Insulation Requirements for wall assemblies — Did You Know?
Did you know that Fire Rated Wall Assemblies built with Fire Retardant Treated Wood (FRTW) have precise insulation requirements that spell out the exact material, thickness and density you’re required to use? If you’re a builder, architect, engineer, you more than likely know that your local energy code requires specific minimum insulation requirements for your everyday wall assemblies. Did you know that these two insulation requirements are independent of one another?
Let’s say your local code requires minimum R-21 insulation in the walls. The R-21 materials meet the code for your common insulation applications EXCEPT for your Rated Wall Assemblies, or to be more precise for the sake of our conversation, Fire Rated Wall Assemblies.
What does the common Fire Rated Wall Assemblies consist of (from the inside of the wall)?
- Interior Drywall or Gypsum Wall Board of some specific thickness & type
- Fire Retardant Treated studs with specified o/c spacing
- Insulation with a specific material, thickness, and density requirements
- Fire Retardant Treated wood sheathing
- Exterior façade (or facing) allowed for use with the rated assembly (for exterior walls)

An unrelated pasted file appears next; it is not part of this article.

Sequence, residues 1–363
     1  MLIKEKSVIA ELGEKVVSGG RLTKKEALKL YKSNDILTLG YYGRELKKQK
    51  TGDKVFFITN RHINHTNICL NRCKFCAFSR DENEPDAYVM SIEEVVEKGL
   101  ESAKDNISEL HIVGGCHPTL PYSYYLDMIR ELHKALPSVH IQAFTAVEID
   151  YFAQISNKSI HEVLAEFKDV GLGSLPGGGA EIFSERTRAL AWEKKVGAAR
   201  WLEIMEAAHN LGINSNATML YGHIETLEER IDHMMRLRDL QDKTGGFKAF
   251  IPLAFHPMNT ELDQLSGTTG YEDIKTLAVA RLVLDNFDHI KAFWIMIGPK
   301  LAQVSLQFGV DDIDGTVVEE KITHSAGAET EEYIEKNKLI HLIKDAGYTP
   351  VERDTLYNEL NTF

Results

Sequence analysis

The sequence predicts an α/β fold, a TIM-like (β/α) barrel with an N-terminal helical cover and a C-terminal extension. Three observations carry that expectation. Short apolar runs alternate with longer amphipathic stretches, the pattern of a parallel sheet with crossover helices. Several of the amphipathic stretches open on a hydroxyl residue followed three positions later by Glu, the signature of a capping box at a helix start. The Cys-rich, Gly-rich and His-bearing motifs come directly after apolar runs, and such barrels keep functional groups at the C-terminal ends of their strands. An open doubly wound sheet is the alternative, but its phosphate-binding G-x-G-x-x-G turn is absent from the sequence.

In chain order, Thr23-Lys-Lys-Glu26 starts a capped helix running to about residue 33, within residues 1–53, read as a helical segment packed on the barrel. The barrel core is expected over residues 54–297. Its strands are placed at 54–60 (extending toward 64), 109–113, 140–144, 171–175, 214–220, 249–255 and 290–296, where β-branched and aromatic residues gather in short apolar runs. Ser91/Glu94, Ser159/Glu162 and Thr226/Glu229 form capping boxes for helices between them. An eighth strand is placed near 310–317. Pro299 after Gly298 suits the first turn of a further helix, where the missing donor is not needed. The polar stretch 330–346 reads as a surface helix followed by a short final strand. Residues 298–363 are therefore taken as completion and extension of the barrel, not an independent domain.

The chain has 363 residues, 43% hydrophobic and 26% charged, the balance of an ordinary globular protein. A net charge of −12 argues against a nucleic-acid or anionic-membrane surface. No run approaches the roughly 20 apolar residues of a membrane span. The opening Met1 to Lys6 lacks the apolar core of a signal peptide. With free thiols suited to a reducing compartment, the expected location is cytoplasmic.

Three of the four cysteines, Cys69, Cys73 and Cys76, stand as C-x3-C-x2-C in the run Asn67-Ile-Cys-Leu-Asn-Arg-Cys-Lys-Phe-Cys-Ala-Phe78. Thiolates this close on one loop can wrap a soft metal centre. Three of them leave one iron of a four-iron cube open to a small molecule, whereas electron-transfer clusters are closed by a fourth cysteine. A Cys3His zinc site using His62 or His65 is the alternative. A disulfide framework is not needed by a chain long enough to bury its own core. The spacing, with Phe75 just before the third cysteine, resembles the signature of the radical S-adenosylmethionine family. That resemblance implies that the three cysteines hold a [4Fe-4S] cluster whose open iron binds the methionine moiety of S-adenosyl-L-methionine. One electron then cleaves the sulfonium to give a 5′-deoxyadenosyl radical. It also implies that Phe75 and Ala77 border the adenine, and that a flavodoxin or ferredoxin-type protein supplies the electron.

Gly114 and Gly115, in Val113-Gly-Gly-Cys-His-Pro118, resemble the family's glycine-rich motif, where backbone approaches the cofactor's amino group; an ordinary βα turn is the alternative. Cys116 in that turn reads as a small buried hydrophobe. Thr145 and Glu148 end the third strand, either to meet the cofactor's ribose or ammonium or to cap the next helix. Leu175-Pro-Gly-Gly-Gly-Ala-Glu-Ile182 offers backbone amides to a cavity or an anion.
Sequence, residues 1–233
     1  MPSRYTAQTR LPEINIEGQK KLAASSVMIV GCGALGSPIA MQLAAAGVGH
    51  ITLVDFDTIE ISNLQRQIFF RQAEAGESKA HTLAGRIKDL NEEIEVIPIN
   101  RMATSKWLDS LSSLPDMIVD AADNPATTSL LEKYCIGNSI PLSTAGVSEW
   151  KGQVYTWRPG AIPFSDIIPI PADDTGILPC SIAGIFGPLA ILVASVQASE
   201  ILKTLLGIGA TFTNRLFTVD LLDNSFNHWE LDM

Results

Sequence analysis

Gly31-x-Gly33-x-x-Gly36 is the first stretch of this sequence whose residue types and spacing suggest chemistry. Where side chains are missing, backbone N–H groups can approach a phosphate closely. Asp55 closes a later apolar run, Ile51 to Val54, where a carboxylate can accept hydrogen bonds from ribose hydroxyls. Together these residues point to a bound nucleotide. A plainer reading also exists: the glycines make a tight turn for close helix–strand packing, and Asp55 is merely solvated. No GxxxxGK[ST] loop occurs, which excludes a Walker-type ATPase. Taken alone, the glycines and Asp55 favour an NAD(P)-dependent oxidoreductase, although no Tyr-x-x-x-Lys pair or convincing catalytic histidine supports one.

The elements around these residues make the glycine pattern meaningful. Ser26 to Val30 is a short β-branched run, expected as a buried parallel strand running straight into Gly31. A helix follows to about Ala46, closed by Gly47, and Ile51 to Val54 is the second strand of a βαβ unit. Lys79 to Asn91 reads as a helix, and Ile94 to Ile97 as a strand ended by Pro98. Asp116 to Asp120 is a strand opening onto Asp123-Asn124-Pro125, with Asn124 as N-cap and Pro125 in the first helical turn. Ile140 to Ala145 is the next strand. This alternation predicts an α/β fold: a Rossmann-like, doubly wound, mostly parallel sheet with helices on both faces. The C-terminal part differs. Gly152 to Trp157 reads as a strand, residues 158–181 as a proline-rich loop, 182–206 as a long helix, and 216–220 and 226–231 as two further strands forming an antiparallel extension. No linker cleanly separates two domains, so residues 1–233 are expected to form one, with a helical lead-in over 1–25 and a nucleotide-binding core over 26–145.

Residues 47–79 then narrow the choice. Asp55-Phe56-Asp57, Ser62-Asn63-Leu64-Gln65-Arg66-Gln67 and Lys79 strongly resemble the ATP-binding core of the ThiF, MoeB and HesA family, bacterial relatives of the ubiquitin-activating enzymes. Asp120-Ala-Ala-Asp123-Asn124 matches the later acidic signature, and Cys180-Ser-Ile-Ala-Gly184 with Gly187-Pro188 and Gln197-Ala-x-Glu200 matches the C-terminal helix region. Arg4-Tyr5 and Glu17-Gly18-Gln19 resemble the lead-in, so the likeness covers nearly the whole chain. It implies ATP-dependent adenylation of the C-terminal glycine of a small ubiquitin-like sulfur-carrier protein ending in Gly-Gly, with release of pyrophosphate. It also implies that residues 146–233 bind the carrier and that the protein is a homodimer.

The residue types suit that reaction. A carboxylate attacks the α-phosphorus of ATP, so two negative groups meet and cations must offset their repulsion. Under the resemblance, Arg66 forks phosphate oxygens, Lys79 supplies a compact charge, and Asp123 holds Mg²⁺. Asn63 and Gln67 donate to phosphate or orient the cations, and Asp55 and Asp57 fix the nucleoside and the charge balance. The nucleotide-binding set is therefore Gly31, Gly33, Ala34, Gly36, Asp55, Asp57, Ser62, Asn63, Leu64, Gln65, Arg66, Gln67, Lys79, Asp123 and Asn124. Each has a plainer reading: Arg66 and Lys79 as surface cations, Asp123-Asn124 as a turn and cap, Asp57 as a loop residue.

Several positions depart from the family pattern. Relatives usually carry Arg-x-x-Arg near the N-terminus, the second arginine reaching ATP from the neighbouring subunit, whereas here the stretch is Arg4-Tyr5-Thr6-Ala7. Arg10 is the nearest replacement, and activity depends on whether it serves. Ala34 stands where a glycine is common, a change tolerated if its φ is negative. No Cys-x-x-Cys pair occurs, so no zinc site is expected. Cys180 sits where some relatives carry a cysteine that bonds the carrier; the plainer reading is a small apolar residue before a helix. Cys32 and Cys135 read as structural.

So why is insulation such an important component of a Fire Rated Wall Assembly?
Insulation reduces the exchange of energy (heat) through a surface such as a wall, attic, duct or roof. So with an assembly that is supposed to withstand HEAT, utilizing the right kind of insulation becomes quite important. Without the right kind of insulation, and in the best-case scenario, the wall assembly will fail the testing regimen, but in the worst-case scenario, the wrong insulation installed in a Fire Rated Wall Assembly could potentially lead to the loss of life and/or structural failure of epic magnitude. In short, insulation “insulates” the combustible wood-frame from heat and provides added resistance to fire, among other more commonly known insulation tasks such as “keeping my building cool during the summer months.”
As a firefighter, specifically when working as an aircraft firefighter, we were exposed to extreme heat when fighting fuel and/or aircraft fires. To prevent this ridiculous heat from deterring us from doing our jobs (putting the wet stuff on the red stuff, or rolling on the foam) we wore special firefighting gear that provided multiple forms of insulation from the effects of fire ~ heat. Additionally, and due to the radiant heat generated by these large fires, the exterior of our bunker gear was made of a shiny material that helped reflect that radiant heat which often melted face shields, truck lights & beacons, and signed any exposed body hair. So, if the insulation of a firefighter when doing their job is MISSION CRITICAL, then the same can be said of Fire Rated Wall Assemblies; they too require precise insulation, in varying forms, to do their jobs, otherwise, these assemblies would not last when subjected to fire. They would fail!